CalendarDigital ExclusiveThis Week

What To Do This Weekend: Feb 25–28

by Michelle Konstantinovsky

In just a few days, we’ll be transitioning from this short and sweet month into March — the month that marks a full year of lockdown life in the Bay Area. While many of our favorite art and cultural institutions remain closed, it’s heartening to see just how many local theaters, museums and book stores have adapted their offerings to online experiences and continue to curate moving, thoughtful and inspiring work for virtual viewers. Spend these last few days of February immersing yourself in classical concerts, literary events, online auctions and so much more.

Get an inside peek at an artist’s process

The New Museum of Los Gatos continues its five-part Meet the Artists series in support of the exhibit Art in the Time of Corona. Curator Julie Ericsson takes audiences into the homes and studios of the 51 talented artists featured in NUMU’s inaugural benefit auction exhibition, offering a glimpse into the world of each artist and their creative process. This series will conclude with a special conversation featuring curator and gallerist Craig Krull, who is the juror of the exhibition. The series features artists Marie Cameron, Ruth Cali Caprow, Luz Donahue, Christine Huhn and others.

Thursday, Feb. 25, 5 p.m.

Celebrate a local educational institution’s past, present and future

Mission Dolores Academy is celebrating its 10th anniversary Power Hour, this year honoring James Beard Award–winning chef and founder of the Slanted Door, Charles Phan. Event chairs Mary and Joe Toboni will welcome guests to this festive virtual evening showcasing MDA’s past 10 years — and its promising future — and viewers can expect to hear insights from Phan in a conversation with Gianna Toboni, correspondent and producer for Vice News. The event’s live auction features fabulous offerings, including a Zoom call for eight with MDA’s own Father Charlie Gagan and master martini mixologist Alessandro Palazzi of London’s Dukes Bar.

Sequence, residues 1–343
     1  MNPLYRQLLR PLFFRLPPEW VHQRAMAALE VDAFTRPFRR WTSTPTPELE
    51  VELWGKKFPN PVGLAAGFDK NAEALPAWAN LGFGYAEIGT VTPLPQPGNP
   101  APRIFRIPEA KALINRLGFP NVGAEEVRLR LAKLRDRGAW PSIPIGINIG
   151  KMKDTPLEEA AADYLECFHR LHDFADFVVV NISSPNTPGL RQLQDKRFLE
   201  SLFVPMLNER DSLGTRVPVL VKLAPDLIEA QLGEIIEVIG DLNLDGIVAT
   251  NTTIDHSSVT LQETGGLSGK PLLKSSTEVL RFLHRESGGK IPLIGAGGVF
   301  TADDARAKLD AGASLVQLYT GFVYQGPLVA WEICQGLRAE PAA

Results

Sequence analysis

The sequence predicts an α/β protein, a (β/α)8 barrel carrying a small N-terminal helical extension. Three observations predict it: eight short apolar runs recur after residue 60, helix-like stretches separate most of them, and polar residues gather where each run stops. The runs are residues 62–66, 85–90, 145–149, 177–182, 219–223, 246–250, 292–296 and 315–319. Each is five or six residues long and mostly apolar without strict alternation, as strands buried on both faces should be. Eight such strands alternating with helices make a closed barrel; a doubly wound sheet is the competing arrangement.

Thursday, Feb. 25, 6 p.m. (“Doors open” at 5:30 p.m.)

Take in the sounds of an iconic string quartet

The Cal Performances streaming season continues with a recital by audience favorite the Takács Quartet, introducing its newest member, violist Richard O’Neill. The concert, filmed at the intimate Lone Tree Arts Center near the group’s home base at the University of Colorado, Boulder, features a program of Haydn (String Quartet in G Major, No. 1, Op. 77); Britten (String Quartet No. 3); and Brahms (String Quartet No. 3 in B-flat major, Op. 67). Viewers can enjoy the program on-demand through April 28.

Thursday, Feb. 25, 7 p.m.

Recognize heroes leading the charge in women’s health

The American Heart Association’s signature women’s initiative Go Red for Women returns with a special digital experience for the Bay Area. Susie Cranston, executive vice president of First Republic Bank will chair the Go Red for Women Luncheon, honoring women who have made a significant impact on the health of women in the community, including Michelle A. Albert, M.D., professor of medicine and director of UCSF’s NURTURE Center, and Elaine Chambers, philanthropist and member of the CDC Foundation Board of Directors.

Thursday, Feb. 25, 12 p.m.

Enjoy a night at the opera from home